FAIRFIELD — Fairfield on Friday got a new landmark.

Anheuser-Busch and Foundation Windpower assembled a white wind turbine with a tower some 320 feet tall at the Budweiser brewery along Interstate 80. Hundreds of such mammoth turbines are in place 10 miles to the east in rural Montezuma Hills pastureland, but this one is in Fairfield city limits.

Brewing beer at Budweiser should soon be a breeze. Plant General Manager Kevin Finger estimated the turbine could provide 20 percent of the electricity for the brewery.

The local brewery sits amid a wind belt. That wind has even given the area its name. Supposedly, “Suisun” is the Patwin Indian word for the area’s famed west wind.

Finger is familiar with the area’s stiff winds that will soon give the brewery power. He commutes to work from Green Valley by bicycle and often must fight the breeze on his return evening trip.

As far as he knows, this is the first turbine at an Anheuser-Busch InBev facility, Finger said.

“To my knowledge, this is also the first at a brewery facility in the United States,” he said.

The General Electric turbine on Anheuser-Busch land is owned by San Francisco-based Foundation Windpower. Foundation Windpower has a 20-year agreement to sell the electricity to the brewery. The turbine will produce about 1,500 kilowatts of electricity per hour.

This turbine and associated equipment cost about $4 million, said Matt Wilson of Foundation Windpower. Power from the turbine should start going to the brewery on Nov. 2 or Nov. 3, he said.

On Friday morning, a crane with a boom extending even higher than the turbine tower prepared to lift the nacelle — a box the size of a mobile home that contains the gearbox and other equipment — to the top of the tower. It would then lift the three turbine blades to the nacelle for attachment.

That mammoth crane had to be assembled on the spot. Finger said it arrived on 27 tractor-trailer flat beds.

Anheuser-Busch has launched other renewable energy projects at the local brewery. The brewery gets 4 percent of its electricity annually from 6,500 solar panels covering about 6.5 acres. It has replaced about 15 percent of its natural gas use with methane that comes from brewing wastewater.

But none of these other efforts will draw the attention of passers-by on adjacent I-80. The turbine, in contrast, is hard to miss.

The turbine is “an environmental statement,” Wilson said.

And a big one at that.

Reach Barry Eberling at 427-6929, or

Wednesday, October 19, 2011

Solano event addresses the future of real estate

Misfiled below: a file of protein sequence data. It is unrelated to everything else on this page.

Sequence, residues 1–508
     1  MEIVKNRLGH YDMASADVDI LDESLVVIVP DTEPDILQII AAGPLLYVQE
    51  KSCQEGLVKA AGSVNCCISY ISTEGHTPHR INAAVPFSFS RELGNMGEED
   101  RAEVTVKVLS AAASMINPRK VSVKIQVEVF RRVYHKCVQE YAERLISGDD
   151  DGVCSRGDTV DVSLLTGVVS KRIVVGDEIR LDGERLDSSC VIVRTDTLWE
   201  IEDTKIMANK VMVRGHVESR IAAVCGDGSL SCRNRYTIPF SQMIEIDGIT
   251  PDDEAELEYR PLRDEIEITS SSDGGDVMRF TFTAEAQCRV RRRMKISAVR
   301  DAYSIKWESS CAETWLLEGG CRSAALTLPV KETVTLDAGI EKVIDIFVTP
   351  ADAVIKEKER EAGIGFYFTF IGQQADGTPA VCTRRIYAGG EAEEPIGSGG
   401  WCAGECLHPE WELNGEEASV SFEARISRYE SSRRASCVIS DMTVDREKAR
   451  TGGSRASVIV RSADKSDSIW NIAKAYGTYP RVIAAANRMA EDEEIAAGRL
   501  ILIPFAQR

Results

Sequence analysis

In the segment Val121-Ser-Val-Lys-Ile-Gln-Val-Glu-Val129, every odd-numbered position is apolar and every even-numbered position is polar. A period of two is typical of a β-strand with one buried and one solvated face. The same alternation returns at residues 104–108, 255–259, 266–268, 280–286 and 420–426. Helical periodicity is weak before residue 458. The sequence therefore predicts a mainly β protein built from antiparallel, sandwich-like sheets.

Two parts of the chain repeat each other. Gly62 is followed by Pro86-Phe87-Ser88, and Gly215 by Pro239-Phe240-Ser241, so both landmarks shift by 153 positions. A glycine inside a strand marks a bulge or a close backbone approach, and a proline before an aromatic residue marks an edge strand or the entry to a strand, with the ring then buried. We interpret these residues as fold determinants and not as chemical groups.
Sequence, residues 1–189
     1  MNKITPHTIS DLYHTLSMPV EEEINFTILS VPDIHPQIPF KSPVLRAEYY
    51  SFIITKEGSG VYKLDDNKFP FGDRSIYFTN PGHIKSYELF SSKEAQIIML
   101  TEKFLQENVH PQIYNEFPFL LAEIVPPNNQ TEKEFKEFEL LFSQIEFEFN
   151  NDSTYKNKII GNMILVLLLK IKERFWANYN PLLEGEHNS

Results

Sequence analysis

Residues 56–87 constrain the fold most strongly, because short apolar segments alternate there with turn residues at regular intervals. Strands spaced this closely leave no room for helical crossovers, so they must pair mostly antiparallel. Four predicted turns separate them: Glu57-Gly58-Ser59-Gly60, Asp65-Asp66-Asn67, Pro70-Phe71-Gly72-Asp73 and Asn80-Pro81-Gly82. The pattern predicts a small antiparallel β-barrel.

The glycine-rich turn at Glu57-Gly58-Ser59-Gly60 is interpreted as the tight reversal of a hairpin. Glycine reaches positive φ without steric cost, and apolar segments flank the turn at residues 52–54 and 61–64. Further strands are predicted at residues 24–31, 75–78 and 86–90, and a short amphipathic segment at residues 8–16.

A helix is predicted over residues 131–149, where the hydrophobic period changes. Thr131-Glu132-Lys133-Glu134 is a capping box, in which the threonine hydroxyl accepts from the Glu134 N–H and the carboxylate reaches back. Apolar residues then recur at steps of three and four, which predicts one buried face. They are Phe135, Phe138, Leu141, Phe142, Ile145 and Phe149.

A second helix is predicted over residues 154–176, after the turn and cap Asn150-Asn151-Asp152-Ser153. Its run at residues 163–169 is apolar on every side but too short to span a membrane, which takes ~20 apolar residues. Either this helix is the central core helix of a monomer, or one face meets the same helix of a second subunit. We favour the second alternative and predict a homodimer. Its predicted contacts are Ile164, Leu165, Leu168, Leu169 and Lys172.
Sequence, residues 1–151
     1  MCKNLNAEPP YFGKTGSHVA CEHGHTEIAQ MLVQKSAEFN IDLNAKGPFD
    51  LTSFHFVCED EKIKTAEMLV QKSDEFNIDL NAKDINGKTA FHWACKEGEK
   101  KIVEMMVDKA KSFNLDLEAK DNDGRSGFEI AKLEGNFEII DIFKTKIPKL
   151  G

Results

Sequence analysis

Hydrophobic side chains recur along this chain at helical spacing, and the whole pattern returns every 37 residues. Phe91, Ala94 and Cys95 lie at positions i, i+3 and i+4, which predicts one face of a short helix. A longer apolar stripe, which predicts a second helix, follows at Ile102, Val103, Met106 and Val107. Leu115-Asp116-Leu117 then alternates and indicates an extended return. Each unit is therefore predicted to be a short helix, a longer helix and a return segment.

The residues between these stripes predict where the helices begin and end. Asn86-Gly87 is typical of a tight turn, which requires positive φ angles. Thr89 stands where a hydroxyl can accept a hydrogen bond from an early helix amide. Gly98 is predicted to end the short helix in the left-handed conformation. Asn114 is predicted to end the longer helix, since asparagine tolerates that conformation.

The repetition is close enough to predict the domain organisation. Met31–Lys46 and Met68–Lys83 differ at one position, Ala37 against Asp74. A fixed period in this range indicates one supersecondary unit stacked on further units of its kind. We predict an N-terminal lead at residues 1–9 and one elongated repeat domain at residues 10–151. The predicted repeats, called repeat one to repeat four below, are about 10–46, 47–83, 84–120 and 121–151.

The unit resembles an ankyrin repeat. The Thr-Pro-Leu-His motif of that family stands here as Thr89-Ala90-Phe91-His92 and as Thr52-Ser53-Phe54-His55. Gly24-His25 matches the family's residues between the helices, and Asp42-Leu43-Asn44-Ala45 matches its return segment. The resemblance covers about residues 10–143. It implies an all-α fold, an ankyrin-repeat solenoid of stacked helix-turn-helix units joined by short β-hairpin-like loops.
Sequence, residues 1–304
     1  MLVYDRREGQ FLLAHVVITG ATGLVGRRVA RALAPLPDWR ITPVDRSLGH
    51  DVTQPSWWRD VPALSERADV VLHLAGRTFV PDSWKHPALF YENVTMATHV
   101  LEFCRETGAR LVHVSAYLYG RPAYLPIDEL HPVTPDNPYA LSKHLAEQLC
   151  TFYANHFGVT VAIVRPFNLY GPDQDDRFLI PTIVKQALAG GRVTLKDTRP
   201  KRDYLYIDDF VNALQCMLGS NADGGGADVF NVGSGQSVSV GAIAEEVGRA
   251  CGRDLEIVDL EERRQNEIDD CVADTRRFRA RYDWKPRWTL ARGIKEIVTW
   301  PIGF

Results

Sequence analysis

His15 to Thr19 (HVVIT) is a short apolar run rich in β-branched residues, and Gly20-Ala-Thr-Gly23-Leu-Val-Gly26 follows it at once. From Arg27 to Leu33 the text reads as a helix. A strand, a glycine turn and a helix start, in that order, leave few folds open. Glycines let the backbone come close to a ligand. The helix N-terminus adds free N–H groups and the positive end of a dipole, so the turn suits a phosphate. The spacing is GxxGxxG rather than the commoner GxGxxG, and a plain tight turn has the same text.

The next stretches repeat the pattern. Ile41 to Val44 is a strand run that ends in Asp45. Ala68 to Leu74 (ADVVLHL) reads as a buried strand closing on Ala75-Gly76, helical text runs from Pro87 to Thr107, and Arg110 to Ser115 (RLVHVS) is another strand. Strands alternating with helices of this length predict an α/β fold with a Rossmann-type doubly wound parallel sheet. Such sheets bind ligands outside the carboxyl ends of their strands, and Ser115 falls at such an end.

Solano event addresses the future of real estate

EDC brings business leaders from all around
Times-Herald staff report
Posted: 10/19/2011 01:01:00 AM PDT

Trends and the immediate future of Solano County's commercial real estate market will be the focus of the Solano Economic Development Corporation's Oct. 27 breakfast meeting, organizers announced.

Leaders in the areas of office, industrial and retail properties will hold a panel discussion at the 2011 Real Estate Round-up, 7:30 a.m. at Fairfield's Hilton Garden Inn.

"This is an important event for anyone interested in gaining information about the opportunities that exist for growth in our commercial real estate," Solano EDC interim president Sandy Person said. "We've put together a great panel of leaders in the field which will share their views and 'best guesses' for what the next year will bring."

Sponsored by Pacific Gas & Electric Company, the event costs $25 for EDC members and $35 for non-members.

To register, call (707) 864-1855

Tuesday, October 4, 2011

Positive economic news for Solano county

Positive economic news for Solano county

Published by The Reporter
Posted: 10/04/2011 01:02:37 AM PDT

A monthly newsletter from Solano Economic Development Corporation finds good job news for the local economy.

In the past month, four companies have announced plans to relocate and/or expand their operations in the county, Solano EDC noted. They will bring some 200 jobs to the area.

"In light of all the bad news from the state and national scenes, this is tremendous news for Solano County and shows the strength that will undoubtedly come when the economy finally begins its long awaited rebound," the EDC newsletter noted.

Companies that have announced plans include:

* Coda Automotive will complete assembly of its new Coda EV, all electric sedan, in Benicia, bringing about 50 jobs to the community. The firm expects to complete assembly and ship some 10,000 to 14,000 vehicles in the coming year.

* Altec announced it will expand its green vehicle operation in Dixon, increasing the job force to 200 employees there.

* Blu Homes will begin mass producing pre-built homes at Vallejo's Mare Island, employing 90 when it opens, with more expected as the production increases.